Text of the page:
Critically ill baby Indi Gregory cannot be helped by 'best of modern medicine', judge told

Indi's parents want treatment to continue and the judge is expected to decide in the next few weeks Credit: PA Media

A critically ill baby girl at the centre of a life-support treatment fight cannot be helped by "the best of modern medicine", a specialist has told a High Court judge.

The doctor told Mr Justice Peel that "every intervention" was adding to six-month-old Indi Gregory’s burden.

He said staff treating Indi, who has a mitochondrial disease – a genetic condition that saps energy from the body’s cells, at the Queen’s Medical Centre in Nottingham were "truly saddened".

The specialist, who cannot be named, outlined his views in a written witness statement as Mr Justice Peel began examining Indi’s case at a private hearing in the Family Division of the High Court in London on Friday.

Indi's parents want treatment to continue and the judge is expected to decide what moves are in her best interests in the next few weeks.

He is due to reconsider the case at a hearing on September 27.

"We are truly saddened that we are in this situation: it is our life’s work to make children better," the specialist told the judge.

"However, there are situations where the best of modern medicine is unable to help, and this is such a situation."

Dean Gregory, 37, from Ilkeston in Derbyshire, was at the hearing Credit: Victoria Jones/PA

Indi’s father Dean Gregory, 37, from Ilkeston, Derbyshire, was at Friday’s hearing.

The judge was told that Indi’s mother, Claire Staniforth, 35, was with the little girl at hospital.

Mr Justice Peel told Mr Gregory that Indi was his "number one priority".

Mr Gregory was not represented by lawyers at the hearing.

The judge said Indi’s parents should be given time to find legal representation.

Bosses at Nottingham University Hospitals NHS Foundation Trust, who have responsibility for Indi’s care, have asked the judge to make decisions.

They want the judge to rule that specialists can lawfully limit treatment.

The six-month-old girl has been battling mitochondrial disease - a disease that commonly affects the brain, muscle, liver, heart and kidney Credit: Dean Gregory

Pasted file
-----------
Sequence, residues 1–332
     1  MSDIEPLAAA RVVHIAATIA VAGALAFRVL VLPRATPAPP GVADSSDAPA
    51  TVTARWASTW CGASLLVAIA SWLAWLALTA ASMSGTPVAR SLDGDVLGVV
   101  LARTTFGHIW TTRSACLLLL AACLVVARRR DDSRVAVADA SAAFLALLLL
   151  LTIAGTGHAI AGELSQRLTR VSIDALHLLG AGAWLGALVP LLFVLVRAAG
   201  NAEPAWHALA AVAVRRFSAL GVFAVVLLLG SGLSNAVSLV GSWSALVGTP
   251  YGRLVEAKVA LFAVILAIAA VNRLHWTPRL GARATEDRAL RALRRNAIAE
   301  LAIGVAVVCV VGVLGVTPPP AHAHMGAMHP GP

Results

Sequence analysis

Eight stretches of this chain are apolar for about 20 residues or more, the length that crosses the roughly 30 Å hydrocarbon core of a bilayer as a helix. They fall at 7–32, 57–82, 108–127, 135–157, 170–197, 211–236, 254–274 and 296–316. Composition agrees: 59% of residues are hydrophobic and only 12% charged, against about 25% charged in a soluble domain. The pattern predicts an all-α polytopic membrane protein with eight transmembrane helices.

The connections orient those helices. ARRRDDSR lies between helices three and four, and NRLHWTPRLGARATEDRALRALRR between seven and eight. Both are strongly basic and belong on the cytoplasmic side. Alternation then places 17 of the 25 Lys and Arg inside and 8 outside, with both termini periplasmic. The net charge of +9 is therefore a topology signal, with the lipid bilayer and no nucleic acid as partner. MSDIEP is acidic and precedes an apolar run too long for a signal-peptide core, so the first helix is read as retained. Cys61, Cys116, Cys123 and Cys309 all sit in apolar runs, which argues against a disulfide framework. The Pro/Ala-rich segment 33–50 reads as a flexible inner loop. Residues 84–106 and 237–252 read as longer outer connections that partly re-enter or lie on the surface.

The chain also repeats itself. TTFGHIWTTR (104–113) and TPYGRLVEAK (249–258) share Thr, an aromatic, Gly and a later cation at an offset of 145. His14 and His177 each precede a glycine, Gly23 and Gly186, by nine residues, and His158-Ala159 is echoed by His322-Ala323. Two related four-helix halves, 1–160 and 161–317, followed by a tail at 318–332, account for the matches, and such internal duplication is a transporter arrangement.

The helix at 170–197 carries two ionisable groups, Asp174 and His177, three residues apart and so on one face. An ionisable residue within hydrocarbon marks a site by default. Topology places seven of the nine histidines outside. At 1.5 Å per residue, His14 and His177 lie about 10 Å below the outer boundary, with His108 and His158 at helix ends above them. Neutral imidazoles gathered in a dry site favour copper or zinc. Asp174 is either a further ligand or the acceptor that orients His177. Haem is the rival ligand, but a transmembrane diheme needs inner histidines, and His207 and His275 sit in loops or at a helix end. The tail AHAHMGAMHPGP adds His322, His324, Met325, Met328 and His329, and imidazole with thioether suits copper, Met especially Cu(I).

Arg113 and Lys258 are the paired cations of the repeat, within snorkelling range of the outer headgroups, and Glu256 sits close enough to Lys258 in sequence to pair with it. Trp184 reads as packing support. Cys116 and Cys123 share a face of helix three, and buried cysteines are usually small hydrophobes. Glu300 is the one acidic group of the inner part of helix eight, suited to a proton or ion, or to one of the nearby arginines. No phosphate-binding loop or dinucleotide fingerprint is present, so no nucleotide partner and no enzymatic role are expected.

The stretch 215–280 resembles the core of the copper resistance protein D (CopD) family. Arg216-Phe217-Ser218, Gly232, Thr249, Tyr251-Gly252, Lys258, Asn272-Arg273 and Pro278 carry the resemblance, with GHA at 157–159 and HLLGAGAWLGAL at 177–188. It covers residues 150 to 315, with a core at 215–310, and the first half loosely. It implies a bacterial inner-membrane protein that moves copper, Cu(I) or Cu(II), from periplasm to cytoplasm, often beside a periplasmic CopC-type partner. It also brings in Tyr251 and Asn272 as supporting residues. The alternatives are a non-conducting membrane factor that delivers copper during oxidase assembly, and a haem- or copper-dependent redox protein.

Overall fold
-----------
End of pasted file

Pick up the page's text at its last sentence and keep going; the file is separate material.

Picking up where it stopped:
Barrister Emma Sutton KC, who led the trust’s legal team, told the judge that Indi was "critically" ill.

"Since her birth, Indi has required intensive medical treatment to meet her complex needs,” said Ms Sutton.

"The case relates to the most difficult of issues, namely whether life-sustaining treatment for Indi should continue.

"The court is asked to make that decision because Indi’s parents and those treating her cannot agree."

Ms Sutton said Indi had a "devastating neurometabolic disorder" which was “exceptionally rare”.

"Indi’s case is extremely complex and … her care must be seen in the context of her known prognosis, which has metabolic, neurological and cardiological aspects, as well as her overall stability," she added.

"Sadly, patients who present at birth with this disorder have a life expectancy of a matter of months."

The trust wants the judge to rule that if Indi "again deteriorates to a point where medical care and treatment is required to sustain her life", it is not in her best interests to receive "critical care or painful interventions".

Ms Sutton added: "In this case, the trust submit that a ceiling of care is appropriate and that further forms of aggressive and invasive treatment are not in Indi’s best interests, whilst recognising that this would likely result in the shortening of her life.

"Although tragic, the trust say that the medical evidence is clear and is supported by second opinion evidence.

"Whilst further invasive treatment may, for a short time, prolong Indi’s life, it will not improve its quality and will cause her further pain and unnecessary suffering.

"The proposed care plan provides a level of treatment limited to ensuring that Indi’s death is as comfortable, pain-free and peaceful as possible."

The judge considered evidence in private but said journalists could attend the hearing and ruled that Indi, her parents, and the hospital could be named in reports.

He ruled that medics treating Indi – and a guardian appointed to represent her interests – could not be named.

The parents of Charlie Gard fought a fierce legal battle to have their son go to the US for treatment. Credit: PA

Indi has the same condition that affected baby Charlie Gard who died in 2017. He was born on 4th August 2016 but soon diagnosed with this syndrome,

Charlie’s parents, Chris Gard and Connie Yates, were embroiled in a five-month legal battle with the hospital where their son was being treated, to gain permission to fly him to the US for experimental treatment.

They fought with doctors from Great Ormond Street Hospital. But the High Court ruled in favour of the hospital and said Charlie should be allowed to die with dignity and Charlie died on July 28, just days before his first birthday.

£1.3 million donated by well-wishers to set up a "Charlie Gard Foundation" aims to help children in similar situations - like Indi.

What is mitochondrial disease?

When a person has mitochondrial disease, the mitochondria in the cells are not producing enough energy. Sometimes they are not very efficient or they do not work at all.

The parts of the body commonly affected are those that have the highest energy demands, such as brain, muscle, liver, heart and kidney. When these systems are effected mitochondrial disease is usually progressive.

Every person with mitochondrial disease is affected differently. Each individual affected will have a different combination of mitochondria that are working and not working within each cell.

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